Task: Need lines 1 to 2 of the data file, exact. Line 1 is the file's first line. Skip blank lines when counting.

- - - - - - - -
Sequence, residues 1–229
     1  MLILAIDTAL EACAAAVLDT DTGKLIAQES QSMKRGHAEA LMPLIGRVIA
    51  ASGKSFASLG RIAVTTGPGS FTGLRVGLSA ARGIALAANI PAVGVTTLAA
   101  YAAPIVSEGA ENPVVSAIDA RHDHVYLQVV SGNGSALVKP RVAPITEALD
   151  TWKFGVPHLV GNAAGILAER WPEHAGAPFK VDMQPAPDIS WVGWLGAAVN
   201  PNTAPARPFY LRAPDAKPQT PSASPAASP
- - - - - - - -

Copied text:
Sequence, residues 1–229
     1  MLILAIDTAL EACAAAVLDT DTGKLIAQES QSMKRGHAEA LMPLIGRVIA